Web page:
4 Major Shifts to Make when you Move from Employee to Entrepreneur

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4 Major Shifts to Make when you Move from Employee to Entrepreneur

Leaving the 9 to 5 to start a business for yourself is a dream to which many people aspire. We want freedom. We want to work on our own terms. We want to be creative in the work we do. Most of all we don’t want someone telling us what to do.

As exciting as that seems, leaving your job and becoming an entrepreneur also comes with many challenges. Most of them are in your head. You can get to that place of freedom, but it requires breaking out of old, comfortable mindsets and starting on a path toward continuous growth.

Here are 4 major shifts you need to make if you want to succeed as an entrepreneur after being an employee. These are hard truths to embrace, but they will make all the difference in your long-term success.

1. Take responsibility for your decisions – good or bad.

As an employee, someone else will tell you what to do. They will make the decisions and you’ll do the work. As an entrepreneur, you will have to make the decisions, then you have to do the work. You are responsible if it fails. You can’t put in on anyone else.

That can be a scary thought. It can also be incredibly freeing. You now have creative control over the work. You can take advantage of the opportunities that arise. You can choose who to work with. You also have to live with the choices you make. Business relationships are on your shoulders, now. You have to work things out between you and your clients.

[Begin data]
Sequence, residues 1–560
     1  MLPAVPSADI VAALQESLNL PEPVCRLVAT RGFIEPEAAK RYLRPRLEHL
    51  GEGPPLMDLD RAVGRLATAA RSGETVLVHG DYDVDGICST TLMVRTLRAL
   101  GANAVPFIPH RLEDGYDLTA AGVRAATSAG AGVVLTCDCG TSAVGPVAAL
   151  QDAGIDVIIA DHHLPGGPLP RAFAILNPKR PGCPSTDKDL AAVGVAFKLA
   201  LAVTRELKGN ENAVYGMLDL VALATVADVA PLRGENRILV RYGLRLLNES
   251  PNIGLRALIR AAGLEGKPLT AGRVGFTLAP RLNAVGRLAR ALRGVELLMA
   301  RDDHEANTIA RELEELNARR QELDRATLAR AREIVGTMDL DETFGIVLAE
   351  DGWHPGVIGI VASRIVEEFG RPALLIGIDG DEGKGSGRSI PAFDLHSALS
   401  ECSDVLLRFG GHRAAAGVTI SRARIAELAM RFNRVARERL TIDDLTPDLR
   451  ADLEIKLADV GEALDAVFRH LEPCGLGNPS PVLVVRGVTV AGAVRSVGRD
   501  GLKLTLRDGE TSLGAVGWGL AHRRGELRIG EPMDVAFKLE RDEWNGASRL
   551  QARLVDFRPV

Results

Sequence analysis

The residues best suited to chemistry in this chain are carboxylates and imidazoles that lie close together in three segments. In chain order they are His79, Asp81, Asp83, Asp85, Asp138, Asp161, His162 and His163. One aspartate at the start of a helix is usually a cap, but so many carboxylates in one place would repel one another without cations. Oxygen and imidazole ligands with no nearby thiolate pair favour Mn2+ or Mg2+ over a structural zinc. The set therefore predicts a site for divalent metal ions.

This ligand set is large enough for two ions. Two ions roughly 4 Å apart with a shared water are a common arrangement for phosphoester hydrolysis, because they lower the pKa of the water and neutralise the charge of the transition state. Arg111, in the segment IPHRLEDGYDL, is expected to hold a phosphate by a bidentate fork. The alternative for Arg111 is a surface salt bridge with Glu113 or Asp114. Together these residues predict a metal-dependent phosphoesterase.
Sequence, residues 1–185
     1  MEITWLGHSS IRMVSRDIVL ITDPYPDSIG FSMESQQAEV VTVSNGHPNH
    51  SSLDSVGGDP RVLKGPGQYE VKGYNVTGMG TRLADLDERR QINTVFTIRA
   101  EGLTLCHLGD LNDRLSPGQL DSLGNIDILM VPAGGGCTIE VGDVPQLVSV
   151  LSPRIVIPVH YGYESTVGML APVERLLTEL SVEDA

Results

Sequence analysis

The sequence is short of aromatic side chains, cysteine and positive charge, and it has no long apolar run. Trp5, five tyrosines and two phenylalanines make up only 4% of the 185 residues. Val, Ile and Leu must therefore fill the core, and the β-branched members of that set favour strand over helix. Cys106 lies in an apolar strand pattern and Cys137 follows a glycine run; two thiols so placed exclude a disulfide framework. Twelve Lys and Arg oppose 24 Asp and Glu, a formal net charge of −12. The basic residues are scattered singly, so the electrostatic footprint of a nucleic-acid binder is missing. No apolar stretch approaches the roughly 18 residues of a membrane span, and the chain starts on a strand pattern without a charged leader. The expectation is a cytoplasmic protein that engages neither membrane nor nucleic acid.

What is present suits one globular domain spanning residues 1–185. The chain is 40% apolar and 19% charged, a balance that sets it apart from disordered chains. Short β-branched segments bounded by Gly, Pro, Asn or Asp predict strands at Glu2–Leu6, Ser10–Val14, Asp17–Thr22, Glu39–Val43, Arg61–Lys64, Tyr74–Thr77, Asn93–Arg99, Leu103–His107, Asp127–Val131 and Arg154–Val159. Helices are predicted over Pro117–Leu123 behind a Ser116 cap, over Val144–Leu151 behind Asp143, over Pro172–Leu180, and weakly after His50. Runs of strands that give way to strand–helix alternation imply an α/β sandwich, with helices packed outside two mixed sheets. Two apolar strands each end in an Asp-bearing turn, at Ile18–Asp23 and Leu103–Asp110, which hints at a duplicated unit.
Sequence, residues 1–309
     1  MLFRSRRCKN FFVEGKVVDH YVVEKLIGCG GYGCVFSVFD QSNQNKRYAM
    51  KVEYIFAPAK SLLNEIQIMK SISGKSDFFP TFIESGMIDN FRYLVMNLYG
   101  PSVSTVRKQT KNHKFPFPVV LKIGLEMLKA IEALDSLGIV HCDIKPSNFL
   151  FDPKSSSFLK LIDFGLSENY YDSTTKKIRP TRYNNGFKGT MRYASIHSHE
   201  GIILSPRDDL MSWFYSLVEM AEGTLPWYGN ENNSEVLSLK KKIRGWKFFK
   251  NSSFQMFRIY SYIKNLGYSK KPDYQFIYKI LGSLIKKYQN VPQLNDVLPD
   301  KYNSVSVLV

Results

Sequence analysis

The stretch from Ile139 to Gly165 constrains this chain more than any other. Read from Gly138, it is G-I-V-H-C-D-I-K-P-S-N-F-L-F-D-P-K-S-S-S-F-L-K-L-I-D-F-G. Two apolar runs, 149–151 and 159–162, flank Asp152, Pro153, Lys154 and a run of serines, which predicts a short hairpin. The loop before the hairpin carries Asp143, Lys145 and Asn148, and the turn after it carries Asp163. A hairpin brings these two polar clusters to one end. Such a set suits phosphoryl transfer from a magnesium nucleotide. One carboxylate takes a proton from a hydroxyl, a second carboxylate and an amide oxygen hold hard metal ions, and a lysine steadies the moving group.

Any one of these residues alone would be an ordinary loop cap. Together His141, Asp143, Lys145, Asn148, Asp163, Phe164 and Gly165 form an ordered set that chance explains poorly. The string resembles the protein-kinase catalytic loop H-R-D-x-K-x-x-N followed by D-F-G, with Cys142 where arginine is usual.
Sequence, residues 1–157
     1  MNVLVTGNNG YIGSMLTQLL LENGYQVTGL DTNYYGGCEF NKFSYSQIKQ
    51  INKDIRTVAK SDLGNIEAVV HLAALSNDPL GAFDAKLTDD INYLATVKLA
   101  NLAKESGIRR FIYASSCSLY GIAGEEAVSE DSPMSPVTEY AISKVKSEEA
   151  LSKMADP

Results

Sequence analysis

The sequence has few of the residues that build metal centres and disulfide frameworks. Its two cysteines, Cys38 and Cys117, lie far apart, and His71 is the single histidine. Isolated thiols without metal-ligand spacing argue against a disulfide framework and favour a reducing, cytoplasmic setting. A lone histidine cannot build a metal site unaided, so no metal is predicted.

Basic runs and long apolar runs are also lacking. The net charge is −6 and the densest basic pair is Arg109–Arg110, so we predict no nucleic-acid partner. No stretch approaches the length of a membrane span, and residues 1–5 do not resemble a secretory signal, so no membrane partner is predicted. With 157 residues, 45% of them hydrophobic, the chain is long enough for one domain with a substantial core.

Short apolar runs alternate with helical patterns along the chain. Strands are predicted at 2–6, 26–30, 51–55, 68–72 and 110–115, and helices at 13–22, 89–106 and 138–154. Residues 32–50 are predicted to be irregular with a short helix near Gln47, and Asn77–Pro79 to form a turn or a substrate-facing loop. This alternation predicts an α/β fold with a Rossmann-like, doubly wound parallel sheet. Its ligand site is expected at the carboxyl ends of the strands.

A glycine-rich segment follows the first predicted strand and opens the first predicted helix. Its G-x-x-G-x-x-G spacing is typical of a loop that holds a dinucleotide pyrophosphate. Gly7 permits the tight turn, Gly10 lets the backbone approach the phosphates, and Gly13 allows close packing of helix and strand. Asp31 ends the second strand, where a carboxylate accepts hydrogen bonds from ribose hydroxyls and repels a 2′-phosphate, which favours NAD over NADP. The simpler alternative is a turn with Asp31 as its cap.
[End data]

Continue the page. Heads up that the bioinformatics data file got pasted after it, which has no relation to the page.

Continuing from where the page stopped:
All of the decisions fall on you. You decide what has to be done, and when it has to be done. Then you have to make sure it actually gets done – the right way. Take responsibility. “Own” the business.

2. Be honest with yourself about the work you do.

Sitting in an office all day is not the same as working to grow your business. Many employee-type jobs require you to spend your 8 hours every day in an office. As you get more proficient at your work, it will take less time to complete it. Eventually, you’ll have several hours in the day where you can coast.

It’s easy to get comfortable with the idea that as long as the boss sees you in your office every day he will assume you’re a valuable asset to the company. Essentially, you learn to do “enough” to keep your job and continue getting that paycheck. Even if you spend most of the day browsing social media or watching cat videos, you can always fall back on the comfort that you at least traded your time to be there.

When you shift to entrepreneurship, you can sit in an office all day, every day if you want, but if you aren’t doing the work it won’t matter. That familiar “employee mentality” stress might sneak its way in to your mind, and you’ll want to sit in that office until 5:00 so you feel good about yourself. Meanwhile, the work isn’t getting done.